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Hydrology and Earth System Sciences An interactive open-access journal of the European Geosciences Union
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Volume 17, issue 10 | Copyright
Hydrol. Earth Syst. Sci., 17, 3895-3911, 2013
© Author(s) 2013. This work is distributed under
the Creative Commons Attribution 3.0 License.

Research article 11 Oct 2013

Research article | 11 Oct 2013

Propagation of soil moisture memory to streamflow and evapotranspiration in Europe

R. Orth and S. I. Seneviratne R. Orth and S. I. Seneviratne
  • Institute for Atmospheric and Climate Science, ETH Zurich, Universitätstrasse 16, 8092 Zurich, Switzerland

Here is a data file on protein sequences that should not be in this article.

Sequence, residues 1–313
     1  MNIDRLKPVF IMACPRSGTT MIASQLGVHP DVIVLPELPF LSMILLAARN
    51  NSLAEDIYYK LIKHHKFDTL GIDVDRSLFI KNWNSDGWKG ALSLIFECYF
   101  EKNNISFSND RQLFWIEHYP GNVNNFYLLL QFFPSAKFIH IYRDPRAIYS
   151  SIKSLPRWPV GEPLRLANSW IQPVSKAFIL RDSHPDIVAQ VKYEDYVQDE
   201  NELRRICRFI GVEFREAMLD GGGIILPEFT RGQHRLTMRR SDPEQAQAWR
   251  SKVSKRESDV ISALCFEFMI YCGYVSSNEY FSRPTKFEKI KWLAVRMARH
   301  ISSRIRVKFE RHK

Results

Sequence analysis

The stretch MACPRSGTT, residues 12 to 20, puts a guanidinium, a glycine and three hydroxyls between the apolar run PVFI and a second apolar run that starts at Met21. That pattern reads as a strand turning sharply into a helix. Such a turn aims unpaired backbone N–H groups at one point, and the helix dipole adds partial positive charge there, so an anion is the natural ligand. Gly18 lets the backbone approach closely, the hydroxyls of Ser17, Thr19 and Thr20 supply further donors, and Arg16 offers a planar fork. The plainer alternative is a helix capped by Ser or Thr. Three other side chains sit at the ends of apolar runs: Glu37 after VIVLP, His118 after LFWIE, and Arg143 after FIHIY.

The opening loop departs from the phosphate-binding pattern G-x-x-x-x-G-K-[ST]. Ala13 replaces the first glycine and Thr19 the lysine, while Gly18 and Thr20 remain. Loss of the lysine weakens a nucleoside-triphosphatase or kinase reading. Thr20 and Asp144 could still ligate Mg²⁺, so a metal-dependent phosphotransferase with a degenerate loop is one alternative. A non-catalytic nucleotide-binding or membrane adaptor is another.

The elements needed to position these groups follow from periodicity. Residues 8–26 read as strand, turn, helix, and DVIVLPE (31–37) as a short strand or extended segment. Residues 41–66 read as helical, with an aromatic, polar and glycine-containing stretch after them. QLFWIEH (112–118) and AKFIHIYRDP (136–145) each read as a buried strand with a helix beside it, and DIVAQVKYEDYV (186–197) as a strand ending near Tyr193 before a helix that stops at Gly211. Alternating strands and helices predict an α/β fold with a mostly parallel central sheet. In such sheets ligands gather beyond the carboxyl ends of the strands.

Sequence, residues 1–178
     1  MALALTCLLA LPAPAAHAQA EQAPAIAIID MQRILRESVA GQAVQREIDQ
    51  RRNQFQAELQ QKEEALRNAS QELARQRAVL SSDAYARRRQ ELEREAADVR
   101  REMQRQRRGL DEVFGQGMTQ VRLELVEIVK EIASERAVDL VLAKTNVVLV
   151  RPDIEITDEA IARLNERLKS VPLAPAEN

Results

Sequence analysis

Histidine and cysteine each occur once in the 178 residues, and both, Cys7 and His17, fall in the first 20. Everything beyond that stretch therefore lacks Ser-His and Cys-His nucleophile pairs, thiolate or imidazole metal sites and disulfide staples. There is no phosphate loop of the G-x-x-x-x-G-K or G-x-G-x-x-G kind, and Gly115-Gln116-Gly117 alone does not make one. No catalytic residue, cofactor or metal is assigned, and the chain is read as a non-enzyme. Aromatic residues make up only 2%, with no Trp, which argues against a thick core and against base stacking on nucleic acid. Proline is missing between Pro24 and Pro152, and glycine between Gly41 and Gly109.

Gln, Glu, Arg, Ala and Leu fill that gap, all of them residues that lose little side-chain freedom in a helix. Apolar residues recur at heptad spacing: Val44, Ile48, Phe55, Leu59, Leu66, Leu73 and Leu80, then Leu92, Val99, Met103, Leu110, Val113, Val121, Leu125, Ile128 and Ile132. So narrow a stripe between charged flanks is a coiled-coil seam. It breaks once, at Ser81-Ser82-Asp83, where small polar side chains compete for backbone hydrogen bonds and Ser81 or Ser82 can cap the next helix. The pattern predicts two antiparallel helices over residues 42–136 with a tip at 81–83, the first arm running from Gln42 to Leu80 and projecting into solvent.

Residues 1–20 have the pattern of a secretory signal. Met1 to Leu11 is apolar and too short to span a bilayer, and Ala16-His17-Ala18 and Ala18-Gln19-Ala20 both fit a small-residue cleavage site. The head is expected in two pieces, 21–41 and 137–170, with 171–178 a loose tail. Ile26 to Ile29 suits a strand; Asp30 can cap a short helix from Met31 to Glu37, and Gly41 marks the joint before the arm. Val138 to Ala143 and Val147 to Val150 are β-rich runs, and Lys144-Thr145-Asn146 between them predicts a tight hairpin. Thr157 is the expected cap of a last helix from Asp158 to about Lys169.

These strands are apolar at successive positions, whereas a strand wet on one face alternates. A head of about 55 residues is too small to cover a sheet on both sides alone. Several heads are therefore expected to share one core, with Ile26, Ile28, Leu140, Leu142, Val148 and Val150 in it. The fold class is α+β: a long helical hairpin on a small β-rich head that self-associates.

Abstract. As a key variable of the land-climate system soil moisture is a main driver of streamflow and evapotranspiration under certain conditions. Soil moisture furthermore exhibits outstanding memory (persistence) characteristics. Many studies also report distinct low frequency variations for streamflow, which are likely related to soil moisture memory. Using data from over 100 near-natural catchments located across Europe, we investigate in this study the connection between soil moisture memory and the respective memory of streamflow and evapotranspiration on different time scales. For this purpose we use a simple water balance model in which dependencies of runoff (normalised by precipitation) and evapotranspiration (normalised by radiation) on soil moisture are fitted using streamflow observations. The model therefore allows us to compute the memory characteristics of soil moisture, streamflow and evapotranspiration on the catchment scale. We find considerable memory in soil moisture and streamflow in many parts of the continent, and evapotranspiration also displays some memory at monthly time scale in some catchments. We show that the memory of streamflow and evapotranspiration jointly depend on soil moisture memory and on the strength of the coupling of streamflow and evapotranspiration to soil moisture. Furthermore, we find that the coupling strengths of streamflow and evapotranspiration to soil moisture depend on the shape of the fitted dependencies and on the variance of the meteorological forcing. To better interpret the magnitude of the respective memories across Europe, we finally provide a new perspective on hydrological memory by relating it to the mean duration required to recover from anomalies exceeding a certain threshold.

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